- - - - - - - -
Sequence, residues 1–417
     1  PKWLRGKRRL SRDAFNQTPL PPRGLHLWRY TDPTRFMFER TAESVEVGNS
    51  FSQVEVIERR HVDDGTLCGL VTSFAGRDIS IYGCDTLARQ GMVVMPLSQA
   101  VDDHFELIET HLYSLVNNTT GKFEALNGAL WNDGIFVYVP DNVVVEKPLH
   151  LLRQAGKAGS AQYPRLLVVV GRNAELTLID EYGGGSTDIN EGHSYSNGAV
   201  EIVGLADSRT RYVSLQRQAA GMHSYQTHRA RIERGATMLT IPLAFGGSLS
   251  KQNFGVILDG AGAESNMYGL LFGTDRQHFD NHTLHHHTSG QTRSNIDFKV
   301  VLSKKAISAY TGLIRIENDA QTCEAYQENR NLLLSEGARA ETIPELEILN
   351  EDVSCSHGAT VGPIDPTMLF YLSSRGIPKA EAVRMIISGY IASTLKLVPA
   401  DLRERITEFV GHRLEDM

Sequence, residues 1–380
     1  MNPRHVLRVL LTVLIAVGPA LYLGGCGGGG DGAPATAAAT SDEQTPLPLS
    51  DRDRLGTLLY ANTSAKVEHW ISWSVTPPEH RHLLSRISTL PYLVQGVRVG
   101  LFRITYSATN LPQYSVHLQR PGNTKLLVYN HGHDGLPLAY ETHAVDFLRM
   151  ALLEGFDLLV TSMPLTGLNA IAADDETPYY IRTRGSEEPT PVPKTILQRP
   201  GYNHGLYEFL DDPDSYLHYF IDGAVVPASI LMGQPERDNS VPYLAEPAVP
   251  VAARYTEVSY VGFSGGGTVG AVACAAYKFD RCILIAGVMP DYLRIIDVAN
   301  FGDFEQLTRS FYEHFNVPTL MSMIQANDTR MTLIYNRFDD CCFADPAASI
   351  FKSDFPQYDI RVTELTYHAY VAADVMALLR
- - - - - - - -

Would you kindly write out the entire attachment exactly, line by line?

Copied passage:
Sequence, residues 1–417
     1  PKWLRGKRRL SRDAFNQTPL PPRGLHLWRY TDPTRFMFER TAESVEVGNS
    51  FSQVEVIERR HVDDGTLCGL VTSFAGRDIS IYGCDTLARQ GMVVMPLSQA
   101  VDDHFELIET HLYSLVNNTT GKFEALNGAL WNDGIFVYVP DNVVVEKPLH
   151  LLRQAGKAGS AQYPRLLVVV GRNAELTLID EYGGGSTDIN EGHSYSNGAV
   201  EIVGLADSRT RYVSLQRQAA GMHSYQTHRA RIERGATMLT IPLAFGGSLS
   251  KQNFGVILDG AGAESNMYGL LFGTDRQHFD NHTLHHHTSG QTRSNIDFKV
   301  VLSKKAISAY TGLIRIENDA QTCEAYQENR NLLLSEGARA ETIPELEILN
   351  EDVSCSHGAT VGPIDPTMLF YLSSRGIPKA EAVRMIISGY IASTLKLVPA
   401  DLRERITEFV GHRLEDM

Sequence, residues 1–380
     1  MNPRHVLRVL LTVLIAVGPA LYLGGCGGGG DGAPATAAAT SDEQTPLPLS
    51  DRDRLGTLLY ANTSAKVEHW ISWSVTPPEH RHLLSRISTL PYLVQGVRVG
   101  LFRITYSATN LPQYSVHLQR PGNTKLLVYN HGHDGLPLAY ETHAVDFLRM
   151  ALLEGFDLLV TSMPLTGLNA IAADDETPYY IRTRGSEEPT PVPKTILQRP
   201  GYNHGLYEFL DDPDSYLHYF IDGAVVPASI LMGQPERDNS VPYLAEPAVP
   251  VAARYTEVSY VGFSGGGTVG AVACAAYKFD RCILIAGVMP DYLRIIDVAN
   301  FGDFEQLTRS FYEHFNVPTL MSMIQANDTR MTLIYNRFDD CCFADPAASI
   351  FKSDFPQYDI RVTELTYHAY VAADVMALLR